Is Trump the best thing to happen to China?
Prior to Donald Trump’s US election win, Brexit and this year’s elections taking place in Europe, investors used to perceive the West as the home of political stability, while Asia and global emerging markets were seen as the more risky regions. A reason for avoiding these areas used to be the danger that politically something could go wrong, however of all the places where things could now, the US is now top of the pile.
In the last 18 months, with pre and post-election Donald Trump, he has talked, or mainly tweeted, a lot on what he plans to do to make America great again. However, to date he has delivered on nothing at all.
For example he made a big statement to the American electorate labelling China a “currency manipulator” which he would deal with on day one in office. People just accepted this because he was Trump, but the facts are that he has not dealt with it. Add in the shambles of his repeal of Obamacare, and it starts to make me question just what he will genuinely achieve. If he does not get his act together, then how can he get his tax reforms or anything else through?
The worry is that the US retail investor currently thinks everything is fine. Trumponomics has fed into bullishness in the US, with the S&P rallying since he came in. For me, it is pitiful listening to the CEOs of US companies talking about Trump. It would appear the captains of industry are not really speaking their mind, with everyone scared to death of saying something that Trump will jump on.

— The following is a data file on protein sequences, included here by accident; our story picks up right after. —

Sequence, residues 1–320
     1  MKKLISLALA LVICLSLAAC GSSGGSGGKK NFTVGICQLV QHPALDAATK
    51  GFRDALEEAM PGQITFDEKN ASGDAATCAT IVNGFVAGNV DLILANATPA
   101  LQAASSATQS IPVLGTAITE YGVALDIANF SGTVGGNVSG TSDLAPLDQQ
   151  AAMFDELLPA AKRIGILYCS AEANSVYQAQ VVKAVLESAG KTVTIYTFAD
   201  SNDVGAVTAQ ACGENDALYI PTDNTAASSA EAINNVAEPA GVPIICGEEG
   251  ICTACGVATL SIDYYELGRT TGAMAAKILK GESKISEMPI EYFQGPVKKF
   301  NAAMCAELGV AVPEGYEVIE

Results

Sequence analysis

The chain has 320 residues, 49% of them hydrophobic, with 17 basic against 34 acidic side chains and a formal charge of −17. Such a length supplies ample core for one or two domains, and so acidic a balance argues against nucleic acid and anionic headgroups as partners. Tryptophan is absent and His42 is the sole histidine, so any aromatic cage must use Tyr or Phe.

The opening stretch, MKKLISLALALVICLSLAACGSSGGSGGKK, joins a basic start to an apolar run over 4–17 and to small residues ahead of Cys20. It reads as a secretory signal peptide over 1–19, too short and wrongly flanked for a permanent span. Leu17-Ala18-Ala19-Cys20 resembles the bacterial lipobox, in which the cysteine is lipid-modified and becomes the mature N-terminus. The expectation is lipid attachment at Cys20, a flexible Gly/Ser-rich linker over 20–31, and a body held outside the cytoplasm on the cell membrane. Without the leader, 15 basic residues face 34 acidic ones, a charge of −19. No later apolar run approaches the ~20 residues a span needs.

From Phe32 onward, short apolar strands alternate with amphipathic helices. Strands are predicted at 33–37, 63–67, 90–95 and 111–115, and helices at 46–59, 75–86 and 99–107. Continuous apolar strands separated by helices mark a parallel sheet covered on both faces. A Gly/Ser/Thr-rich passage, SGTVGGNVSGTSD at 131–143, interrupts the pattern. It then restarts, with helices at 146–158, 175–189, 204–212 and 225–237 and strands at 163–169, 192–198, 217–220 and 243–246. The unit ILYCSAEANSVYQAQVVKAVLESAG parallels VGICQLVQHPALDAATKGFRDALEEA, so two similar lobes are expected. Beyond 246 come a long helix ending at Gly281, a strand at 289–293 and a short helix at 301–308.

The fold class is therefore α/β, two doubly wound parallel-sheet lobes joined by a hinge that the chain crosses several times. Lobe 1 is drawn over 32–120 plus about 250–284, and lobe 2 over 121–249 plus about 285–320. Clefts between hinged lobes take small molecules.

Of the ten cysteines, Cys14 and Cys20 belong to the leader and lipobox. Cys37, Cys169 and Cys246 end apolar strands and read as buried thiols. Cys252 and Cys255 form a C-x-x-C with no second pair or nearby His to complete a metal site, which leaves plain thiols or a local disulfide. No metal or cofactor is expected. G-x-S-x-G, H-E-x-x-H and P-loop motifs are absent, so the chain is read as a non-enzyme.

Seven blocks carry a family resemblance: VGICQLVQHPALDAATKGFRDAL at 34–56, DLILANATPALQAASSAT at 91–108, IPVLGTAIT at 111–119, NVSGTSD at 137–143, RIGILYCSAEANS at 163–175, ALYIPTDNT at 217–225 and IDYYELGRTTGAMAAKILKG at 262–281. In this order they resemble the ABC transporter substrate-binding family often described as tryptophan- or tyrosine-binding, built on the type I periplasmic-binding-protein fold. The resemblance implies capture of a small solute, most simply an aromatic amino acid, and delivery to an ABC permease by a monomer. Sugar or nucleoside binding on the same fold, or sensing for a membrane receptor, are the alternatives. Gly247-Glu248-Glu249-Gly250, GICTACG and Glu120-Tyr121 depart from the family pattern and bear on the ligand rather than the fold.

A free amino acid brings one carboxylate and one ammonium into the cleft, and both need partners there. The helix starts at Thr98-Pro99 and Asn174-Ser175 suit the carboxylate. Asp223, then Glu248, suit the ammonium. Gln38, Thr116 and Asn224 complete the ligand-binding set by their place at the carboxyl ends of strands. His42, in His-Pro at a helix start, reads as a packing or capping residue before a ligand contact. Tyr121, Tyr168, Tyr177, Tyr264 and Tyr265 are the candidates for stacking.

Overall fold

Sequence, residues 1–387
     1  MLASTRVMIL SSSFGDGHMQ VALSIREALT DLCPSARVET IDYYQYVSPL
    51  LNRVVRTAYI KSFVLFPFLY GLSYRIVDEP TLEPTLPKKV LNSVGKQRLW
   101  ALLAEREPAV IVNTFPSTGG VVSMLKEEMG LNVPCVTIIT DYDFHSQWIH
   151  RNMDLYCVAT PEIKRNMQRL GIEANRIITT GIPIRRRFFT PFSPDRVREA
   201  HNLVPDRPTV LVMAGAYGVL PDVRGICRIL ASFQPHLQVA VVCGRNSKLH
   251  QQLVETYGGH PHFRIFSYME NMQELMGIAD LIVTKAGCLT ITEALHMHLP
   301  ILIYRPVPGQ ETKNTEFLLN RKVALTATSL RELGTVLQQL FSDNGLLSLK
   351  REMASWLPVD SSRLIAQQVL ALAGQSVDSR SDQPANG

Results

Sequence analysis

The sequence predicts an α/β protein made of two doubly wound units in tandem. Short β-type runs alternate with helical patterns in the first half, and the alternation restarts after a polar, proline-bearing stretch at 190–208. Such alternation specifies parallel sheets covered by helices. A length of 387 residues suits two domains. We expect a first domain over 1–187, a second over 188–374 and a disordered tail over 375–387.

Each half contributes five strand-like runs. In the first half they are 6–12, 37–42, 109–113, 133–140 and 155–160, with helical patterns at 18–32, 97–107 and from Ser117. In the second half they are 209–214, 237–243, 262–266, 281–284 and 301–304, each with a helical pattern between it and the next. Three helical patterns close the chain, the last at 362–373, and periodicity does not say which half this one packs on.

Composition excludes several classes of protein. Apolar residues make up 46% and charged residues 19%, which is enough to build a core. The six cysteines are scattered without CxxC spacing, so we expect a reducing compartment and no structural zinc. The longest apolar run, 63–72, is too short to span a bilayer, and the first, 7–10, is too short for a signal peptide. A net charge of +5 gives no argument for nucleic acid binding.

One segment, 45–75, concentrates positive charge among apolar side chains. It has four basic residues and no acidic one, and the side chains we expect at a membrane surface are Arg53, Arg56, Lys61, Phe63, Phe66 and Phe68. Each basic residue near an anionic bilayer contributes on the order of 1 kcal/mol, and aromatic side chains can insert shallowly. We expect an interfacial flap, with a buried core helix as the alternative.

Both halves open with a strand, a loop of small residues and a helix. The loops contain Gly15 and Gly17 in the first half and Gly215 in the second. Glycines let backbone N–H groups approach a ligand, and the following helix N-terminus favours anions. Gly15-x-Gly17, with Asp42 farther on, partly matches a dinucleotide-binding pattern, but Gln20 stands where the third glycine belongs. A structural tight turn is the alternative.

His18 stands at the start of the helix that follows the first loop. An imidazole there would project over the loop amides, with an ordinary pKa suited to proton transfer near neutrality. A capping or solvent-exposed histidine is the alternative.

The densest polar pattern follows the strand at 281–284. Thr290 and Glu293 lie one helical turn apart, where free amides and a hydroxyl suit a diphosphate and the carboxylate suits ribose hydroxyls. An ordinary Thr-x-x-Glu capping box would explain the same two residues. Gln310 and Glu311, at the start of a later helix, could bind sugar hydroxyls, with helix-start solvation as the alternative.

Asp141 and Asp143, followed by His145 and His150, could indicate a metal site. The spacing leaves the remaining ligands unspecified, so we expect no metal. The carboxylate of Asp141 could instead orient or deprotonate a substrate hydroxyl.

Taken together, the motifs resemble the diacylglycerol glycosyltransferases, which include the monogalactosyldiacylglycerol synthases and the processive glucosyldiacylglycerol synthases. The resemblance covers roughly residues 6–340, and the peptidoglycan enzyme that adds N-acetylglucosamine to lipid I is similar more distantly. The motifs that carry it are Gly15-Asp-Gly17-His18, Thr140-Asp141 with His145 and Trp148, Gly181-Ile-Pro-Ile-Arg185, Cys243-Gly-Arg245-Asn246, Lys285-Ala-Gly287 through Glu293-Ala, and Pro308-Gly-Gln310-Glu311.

We have had little weighting to the US in our portfolios for a long time, but we have become so negative on its prospects that we have actually began reducing our global holdings, adopting an underweight position last month. Of course, there is the chance he can get policies through and keep the global economy spinning, but the evidence so far suggests not.
In its place we have been increasing our GEM and Asian weightings, and if we are looking to add anywhere to our equity positions right now, these would be the regions. This is because everywhere you look right now is opportunistic for China.
Not only does the whole Chinese set-up look more stable than the US, but if Trump does pull back on globalisation by pulling out of a number of trade deals, the Chinese will look to step into the breach.
China has been pushing to become a more global player for the last decade and Trump is effectively catapulting them to the front of the queue. At the same time, with Trump slashing everything to do with the environment China has gone from pariah to a hero. They have gone from being one of the globe’s worst polluters, to being in a position to gain the highly unexpected moral high ground from the US.
The point is that the Chinese have not created any of this, the US has done it all themselves. If Clinton had come in there would not be the changes environmentally, we wouldn’t be seeing the end of globalisation as we know it from a US perspective and China couldn’t have made any of these advantages.
Chris Metcalfe is investment director at IBOSS Asset Management Ltd